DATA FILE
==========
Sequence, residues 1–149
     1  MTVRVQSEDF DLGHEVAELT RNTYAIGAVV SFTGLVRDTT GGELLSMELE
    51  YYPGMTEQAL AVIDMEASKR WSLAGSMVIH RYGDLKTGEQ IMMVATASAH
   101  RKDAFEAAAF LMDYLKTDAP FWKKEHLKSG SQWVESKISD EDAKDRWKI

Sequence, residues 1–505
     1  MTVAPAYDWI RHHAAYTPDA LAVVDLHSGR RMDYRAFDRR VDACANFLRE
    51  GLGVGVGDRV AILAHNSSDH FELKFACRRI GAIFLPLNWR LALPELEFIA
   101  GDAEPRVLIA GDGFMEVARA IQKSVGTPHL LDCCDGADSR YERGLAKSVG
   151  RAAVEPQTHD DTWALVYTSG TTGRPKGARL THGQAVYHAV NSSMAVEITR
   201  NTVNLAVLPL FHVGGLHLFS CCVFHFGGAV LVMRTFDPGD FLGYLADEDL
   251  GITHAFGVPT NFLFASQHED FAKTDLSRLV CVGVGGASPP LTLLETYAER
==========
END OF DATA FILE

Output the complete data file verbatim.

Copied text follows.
Sequence, residues 1–149
     1  MTVRVQSEDF DLGHEVAELT RNTYAIGAVV SFTGLVRDTT GGELLSMELE
    51  YYPGMTEQAL AVIDMEASKR WSLAGSMVIH RYGDLKTGEQ IMMVATASAH
   101  RKDAFEAAAF LMDYLKTDAP FWKKEHLKSG SQWVESKISD EDAKDRWKI

Sequence, residues 1–505
     1  MTVAPAYDWI RHHAAYTPDA LAVVDLHSGR RMDYRAFDRR VDACANFLRE
    51  GLGVGVGDRV AILAHNSSDH FELKFACRRI GAIFLPLNWR LALPELEFIA
   101  GDAEPRVLIA GDGFMEVARA IQKSVGTPHL LDCCDGADSR YERGLAKSVG
   151  RAAVEPQTHD DTWALVYTSG TTGRPKGARL THGQAVYHAV NSSMAVEITR
   201  NTVNLAVLPL FHVGGLHLFS CCVFHFGGAV LVMRTFDPGD FLGYLADEDL
   251  GITHAFGVPT NFLFASQHED FAKTDLSRLV CVGVGGASPP LTLLETYAER